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G381(P) A Qualitative study to explore the use of the rcpch epilepsy passport
  1. O Drewett1,
  2. G Hann2,
  3. N Price2,
  4. C Tipper2,
  5. E Devereux2
  1. Intercalated BSc Paediatrics and Child Health, University College London, London, UK
  2. Paediatrics, North Middlesex University Hospital, London, UK


Background In 2013, Child Health Reviews-UK recommended the introduction of epilepsy passports to improve communication and reduce morbidity and mortality associated with epilepsy. Since their introduction by the RCPCH in September 2015, epilepsy passports have yet to be evaluated.

Aims 1) To assess the need for epilepsy passports

2) to evaluate staff and parents’ views on the usage and usefulness of the passports

Methods Patients with an existing diagnosis of epilepsy attending a busy district general hospital in 2016 were offered passports and inclusion in the study. Staff and parents’ experience was assessed between January to April 2016 using questionnaires. All parents whose children had been newly given an epilepsy passport during the study period were asked for their opinion.

Results 121 attendances for epileptic seizures in children under 16 were recorded in 2015 with 22 children attending more than once and 1 child visiting 8 times. Only half the attendances resulted in admission indicating a need for education on managing short epileptic seizures at home.

13 A and E staff members completed the questionnaire. All found epilepsy passports useful, particularly in cases with a language barrier or previous adverse drug reaction.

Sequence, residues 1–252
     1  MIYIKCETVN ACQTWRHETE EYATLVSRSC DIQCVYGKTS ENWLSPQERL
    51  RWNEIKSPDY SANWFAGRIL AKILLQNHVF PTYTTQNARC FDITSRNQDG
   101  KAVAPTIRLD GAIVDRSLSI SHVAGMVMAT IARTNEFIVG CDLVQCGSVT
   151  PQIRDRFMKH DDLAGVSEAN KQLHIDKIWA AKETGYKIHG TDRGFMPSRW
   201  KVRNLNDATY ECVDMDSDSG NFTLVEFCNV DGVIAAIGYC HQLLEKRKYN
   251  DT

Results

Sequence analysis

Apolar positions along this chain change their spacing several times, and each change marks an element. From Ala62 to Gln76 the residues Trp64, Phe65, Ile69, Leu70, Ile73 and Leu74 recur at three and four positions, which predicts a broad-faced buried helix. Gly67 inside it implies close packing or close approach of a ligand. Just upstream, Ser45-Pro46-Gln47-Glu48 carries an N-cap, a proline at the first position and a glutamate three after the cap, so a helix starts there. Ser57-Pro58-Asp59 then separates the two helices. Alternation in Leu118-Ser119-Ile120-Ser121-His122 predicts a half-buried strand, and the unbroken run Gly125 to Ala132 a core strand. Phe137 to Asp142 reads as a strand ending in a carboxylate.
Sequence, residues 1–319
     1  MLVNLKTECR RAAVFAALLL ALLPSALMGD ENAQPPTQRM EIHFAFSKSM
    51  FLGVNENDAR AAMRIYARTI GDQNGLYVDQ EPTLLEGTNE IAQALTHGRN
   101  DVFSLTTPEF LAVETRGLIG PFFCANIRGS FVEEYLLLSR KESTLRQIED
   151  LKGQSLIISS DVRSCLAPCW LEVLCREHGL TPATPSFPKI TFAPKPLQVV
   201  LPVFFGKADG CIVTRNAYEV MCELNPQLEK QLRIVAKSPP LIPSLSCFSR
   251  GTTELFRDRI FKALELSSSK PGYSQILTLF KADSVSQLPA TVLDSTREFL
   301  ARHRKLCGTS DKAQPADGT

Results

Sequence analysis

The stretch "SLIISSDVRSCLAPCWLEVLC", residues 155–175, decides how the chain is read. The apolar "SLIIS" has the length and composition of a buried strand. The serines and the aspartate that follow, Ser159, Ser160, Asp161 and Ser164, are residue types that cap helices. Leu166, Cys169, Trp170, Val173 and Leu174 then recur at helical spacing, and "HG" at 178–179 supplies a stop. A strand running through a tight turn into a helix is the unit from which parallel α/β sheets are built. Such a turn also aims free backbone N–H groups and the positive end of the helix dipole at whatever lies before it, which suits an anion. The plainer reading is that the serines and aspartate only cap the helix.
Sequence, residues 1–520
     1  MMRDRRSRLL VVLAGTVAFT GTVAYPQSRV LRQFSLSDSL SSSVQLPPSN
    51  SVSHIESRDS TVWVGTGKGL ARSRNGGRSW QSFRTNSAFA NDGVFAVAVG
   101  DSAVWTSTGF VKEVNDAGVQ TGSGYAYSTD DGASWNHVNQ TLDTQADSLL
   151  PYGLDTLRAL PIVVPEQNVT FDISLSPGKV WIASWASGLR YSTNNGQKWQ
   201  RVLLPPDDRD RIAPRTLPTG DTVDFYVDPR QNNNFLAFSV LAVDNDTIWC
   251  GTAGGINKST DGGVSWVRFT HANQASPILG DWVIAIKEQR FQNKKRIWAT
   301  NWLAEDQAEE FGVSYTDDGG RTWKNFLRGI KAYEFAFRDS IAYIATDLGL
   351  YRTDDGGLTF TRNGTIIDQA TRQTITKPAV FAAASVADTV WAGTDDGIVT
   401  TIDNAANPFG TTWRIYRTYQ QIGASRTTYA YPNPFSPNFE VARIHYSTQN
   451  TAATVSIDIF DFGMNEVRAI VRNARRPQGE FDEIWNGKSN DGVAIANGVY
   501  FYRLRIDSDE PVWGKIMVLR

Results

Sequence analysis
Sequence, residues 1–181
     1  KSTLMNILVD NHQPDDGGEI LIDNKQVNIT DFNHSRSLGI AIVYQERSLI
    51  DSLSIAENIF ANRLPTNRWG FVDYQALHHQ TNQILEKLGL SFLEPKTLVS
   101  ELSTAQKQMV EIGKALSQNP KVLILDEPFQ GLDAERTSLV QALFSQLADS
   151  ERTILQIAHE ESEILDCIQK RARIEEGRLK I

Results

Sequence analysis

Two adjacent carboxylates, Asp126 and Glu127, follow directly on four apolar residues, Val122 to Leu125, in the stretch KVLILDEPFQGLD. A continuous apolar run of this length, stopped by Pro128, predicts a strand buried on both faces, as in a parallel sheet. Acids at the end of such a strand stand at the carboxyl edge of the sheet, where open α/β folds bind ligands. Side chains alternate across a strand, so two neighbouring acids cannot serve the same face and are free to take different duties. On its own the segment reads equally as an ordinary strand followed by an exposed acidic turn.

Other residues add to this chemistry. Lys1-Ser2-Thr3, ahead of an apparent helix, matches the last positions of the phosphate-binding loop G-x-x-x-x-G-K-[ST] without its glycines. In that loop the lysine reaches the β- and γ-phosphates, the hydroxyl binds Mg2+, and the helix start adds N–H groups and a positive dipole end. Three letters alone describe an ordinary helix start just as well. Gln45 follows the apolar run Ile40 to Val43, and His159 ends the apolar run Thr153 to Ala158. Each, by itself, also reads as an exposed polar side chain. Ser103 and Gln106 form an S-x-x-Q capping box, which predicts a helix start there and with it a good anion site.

11 parents were recruited for the study whose child did not previously have an epilepsy passport. All wanted a passport and thought it would help communication between themselves and healthcare professionals. English was not the first language for one family who felt it would be useful to communicate drug dosages and information on their child’s other diagnoses. 9 parents completed the follow-up questionnaire, 3 of which used their passport during the study period. The 3 that used them found them useful to communicate with the paramedics and doctors attending to their child, the other 6 stated they felt more confident just having the passport.

Conclusion These findings have implications for practice, as all hospitals should be aware of the reassurance and help epilepsy passports can bring. A longer, more quantitative study should be carried out to assess whether the passports are actually reducing A and E attendances, or time spent in A and E, as well as increasing parents’ confidence in their children’s care.

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